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More lists, etc.

The Washington Redskins drafted Keenan McCardell, who knew. He was good for 12th (which also happens to be the round we selected him in) on Sports Illustrated's Best Draft Bargains of the Past 20 years:

Even though McCardell left UNLV as the school's all-time leading receiver, NFL teams weren't interested in the 6-foot-1 wideout. The Redskins picked him up late, which was fortunate for McCardell, who learned from Art Monk and Gary Clark. After bouncing around the league, McCardell landed in Jacksonville and became one of the NFL's most consistent No. 2 receivers. In 2002, McCardell caught two TDs to lead the Bucs to a Super Bowl championship.
We also snuck in at 20th, complements Stephen Davis:
Davis didn't get a chance to work out at the combine because of a knee injury, which explains how he fell to the fourth round. His breakout season came in 1999, when he led the NFC with 1,045 yards. In 2001 he set Washington's single-season record for rushing yards (1,432). Davis went to Carolina in '03, set a personal-best mark with 1,444 yards rushing and helped the Panthers reach the Super Bowl.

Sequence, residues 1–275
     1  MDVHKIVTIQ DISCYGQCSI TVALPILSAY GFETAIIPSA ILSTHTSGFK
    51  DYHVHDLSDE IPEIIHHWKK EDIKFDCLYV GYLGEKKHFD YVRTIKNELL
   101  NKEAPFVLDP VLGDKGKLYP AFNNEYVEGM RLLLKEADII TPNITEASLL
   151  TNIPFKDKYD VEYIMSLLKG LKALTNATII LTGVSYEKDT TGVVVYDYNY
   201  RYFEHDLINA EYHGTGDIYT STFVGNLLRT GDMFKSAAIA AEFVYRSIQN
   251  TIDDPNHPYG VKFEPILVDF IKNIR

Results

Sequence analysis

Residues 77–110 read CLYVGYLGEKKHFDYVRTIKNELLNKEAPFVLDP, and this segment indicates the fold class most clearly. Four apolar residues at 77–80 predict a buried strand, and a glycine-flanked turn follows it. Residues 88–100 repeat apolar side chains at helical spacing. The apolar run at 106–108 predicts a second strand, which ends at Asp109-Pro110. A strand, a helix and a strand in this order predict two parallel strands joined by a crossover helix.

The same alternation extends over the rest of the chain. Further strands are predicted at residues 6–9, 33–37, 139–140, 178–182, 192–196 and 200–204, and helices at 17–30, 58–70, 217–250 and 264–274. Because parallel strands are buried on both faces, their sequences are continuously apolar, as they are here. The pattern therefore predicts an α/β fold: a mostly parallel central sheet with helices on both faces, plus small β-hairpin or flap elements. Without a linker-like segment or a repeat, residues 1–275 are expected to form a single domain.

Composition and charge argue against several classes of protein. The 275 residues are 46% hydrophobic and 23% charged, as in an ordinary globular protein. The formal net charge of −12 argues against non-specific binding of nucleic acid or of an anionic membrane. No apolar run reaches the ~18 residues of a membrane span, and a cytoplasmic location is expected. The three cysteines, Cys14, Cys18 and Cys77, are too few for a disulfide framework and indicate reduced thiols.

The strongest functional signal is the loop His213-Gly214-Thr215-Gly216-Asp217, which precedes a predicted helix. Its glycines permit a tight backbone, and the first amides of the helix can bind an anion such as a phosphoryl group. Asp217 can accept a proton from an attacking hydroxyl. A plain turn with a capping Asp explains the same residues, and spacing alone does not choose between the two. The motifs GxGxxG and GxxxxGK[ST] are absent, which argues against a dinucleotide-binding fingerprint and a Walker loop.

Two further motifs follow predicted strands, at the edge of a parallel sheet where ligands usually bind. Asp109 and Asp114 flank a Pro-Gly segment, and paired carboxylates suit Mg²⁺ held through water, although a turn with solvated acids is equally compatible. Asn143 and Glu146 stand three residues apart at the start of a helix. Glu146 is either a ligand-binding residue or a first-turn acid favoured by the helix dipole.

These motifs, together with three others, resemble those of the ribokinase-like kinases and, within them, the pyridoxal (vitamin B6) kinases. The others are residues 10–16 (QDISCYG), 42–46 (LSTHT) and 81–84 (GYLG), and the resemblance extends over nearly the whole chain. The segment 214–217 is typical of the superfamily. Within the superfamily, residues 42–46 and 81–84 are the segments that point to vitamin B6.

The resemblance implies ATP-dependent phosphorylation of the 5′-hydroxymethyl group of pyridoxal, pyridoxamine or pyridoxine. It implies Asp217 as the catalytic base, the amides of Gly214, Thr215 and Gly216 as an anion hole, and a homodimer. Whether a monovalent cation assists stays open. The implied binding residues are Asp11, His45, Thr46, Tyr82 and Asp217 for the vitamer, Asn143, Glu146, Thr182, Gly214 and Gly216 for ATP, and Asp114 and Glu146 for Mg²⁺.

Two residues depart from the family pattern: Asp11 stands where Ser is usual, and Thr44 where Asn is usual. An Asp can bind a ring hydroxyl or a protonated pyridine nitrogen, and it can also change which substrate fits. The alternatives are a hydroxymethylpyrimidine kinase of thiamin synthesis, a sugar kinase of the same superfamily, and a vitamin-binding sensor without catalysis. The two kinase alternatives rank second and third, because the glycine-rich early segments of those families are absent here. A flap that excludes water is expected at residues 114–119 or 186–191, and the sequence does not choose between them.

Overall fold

Ignoring for a moment that other teams get to take our draft picks to the Super Bowl, let Stephen Davis' bad draft day luck be a cautionary tale against giving up on a pick for injury concerns. Michael Bush is this year's Davis (though he probably won't fall to the 4th round) and will likely make some team very pleased to have him.

We also made another list, one I wish we hadn't. Take it away Heath Shulder:

Heath Shuler | QB, No. 3 overall, Washington Redskins, 1994

Shuler displayed all the tools at Tennessee, but he never understood the nuances of an NFL offense while in Washington. He played 19 lackluster games in three seasons with the Redskins before being displaced by Gus Frerotte. Shuler was traded to the Saints, where he lasted just one year.

Speaking of Gus Frerotte, check out this awesome Frerotte is Fr' Real shirt. I want it, and he certainly was.